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A Currency for Collaboration

By Joseph Simon-Brown
A Currency for Collaboration

The pace of technology development today is driven by many things. But one major factor is the embracing of “open innovation” – the sharing knowledge and insights between organisations to create something new. Open innovation is not new, but in the interconnected world we live in, opportunities to collaborate have never been more abundant.

Believe it or not, intellectual property rights, particularly patents, are a critical enabler of open innovation. Joint ventures are built upon the licencing of complementary IP rights owned by the parties. Corporate partners sponsor PhD positions at academic institutions on the understanding that they will get first dibs on the resulting IP. Start-ups feel comfortable working with larger, better resourced companies because they have filed patents to the background IP.

The so-called “patent bargain” is fairly well known - tell the world about an invention, in the hope of securing a monopoly right capable of preventing others using it. In this bargain, the disclosure of the invention is generally regarded as the valuable bit for innovation. But this is too simplistic a view.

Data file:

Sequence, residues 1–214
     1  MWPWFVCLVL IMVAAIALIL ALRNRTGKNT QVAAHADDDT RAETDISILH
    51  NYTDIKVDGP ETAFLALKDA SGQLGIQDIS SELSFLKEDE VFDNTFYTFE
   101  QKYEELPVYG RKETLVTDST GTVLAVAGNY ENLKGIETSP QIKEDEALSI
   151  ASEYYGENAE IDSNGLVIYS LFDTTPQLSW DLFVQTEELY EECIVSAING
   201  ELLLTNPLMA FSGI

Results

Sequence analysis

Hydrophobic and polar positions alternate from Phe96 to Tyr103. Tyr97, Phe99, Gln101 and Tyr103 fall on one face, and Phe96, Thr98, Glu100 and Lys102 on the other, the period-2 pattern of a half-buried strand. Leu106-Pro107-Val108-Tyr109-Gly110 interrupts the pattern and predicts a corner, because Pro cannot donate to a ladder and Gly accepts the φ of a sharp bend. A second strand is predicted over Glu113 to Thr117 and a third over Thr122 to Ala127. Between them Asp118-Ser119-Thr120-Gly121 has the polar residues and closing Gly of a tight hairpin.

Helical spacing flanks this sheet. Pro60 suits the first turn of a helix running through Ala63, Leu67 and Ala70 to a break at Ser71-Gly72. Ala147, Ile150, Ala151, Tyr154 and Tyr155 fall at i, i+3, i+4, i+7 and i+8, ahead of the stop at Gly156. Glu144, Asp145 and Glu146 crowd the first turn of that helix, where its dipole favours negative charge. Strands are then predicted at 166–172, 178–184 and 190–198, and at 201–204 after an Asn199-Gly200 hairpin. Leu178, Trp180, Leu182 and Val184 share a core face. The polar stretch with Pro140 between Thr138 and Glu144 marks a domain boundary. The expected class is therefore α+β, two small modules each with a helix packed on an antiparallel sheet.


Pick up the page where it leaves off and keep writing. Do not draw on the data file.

Actually, in a world of open innovation, the value to innovation is arguably provided less by the disclosure and more by the reduction of risk that the patent right itself provides. In a collaboration, exchange of technical information is inevitable, regardless of whether it has or has not been disclosed in a patent. However, trusting a third party with your valuable intellectual property inherently comes with risks. In this context, patents can clarify the background IP that each party brings to the table and provide additional security over the exchange of IP between parties. And entitlement to future patents in the IP generated from the collaboration ensures that the parties have control over the output too. In this way, IP rights de-risk IP transactions, which increases the ease with which collaborations can be formed and new innovations can be developed.

As for the monopoly – generally seen as the down side of the patent bargain for innovation - that is usually not as stifling for innovation as one might assume. Only a tiny fraction of a percent of patents are ever enforced in court. In reality, the existence of competing and overlapping patent rights, more often than not, result in a complex stalemate between rights holders settled in a board room. This might result in collaboration, licencing, or a design-around – all leading to more innovation. Patents are not a blunt legal instrument, they are a nuanced business tool.

If you are not at the coalface, it does seem counter-intuitive that a monopoly right is a driver for innovation. But once you understand how patents are actually used in today’s business context, you can begin to understand how important they are to successful collaboration. As a business, would you start a joint venture, sponsor an academic research project, or enter into a partnership if there was a risk of losing control over your existing IP or new, arising IP?

In a way, patent rights can be seen as a currency for collaboration, and for innovation.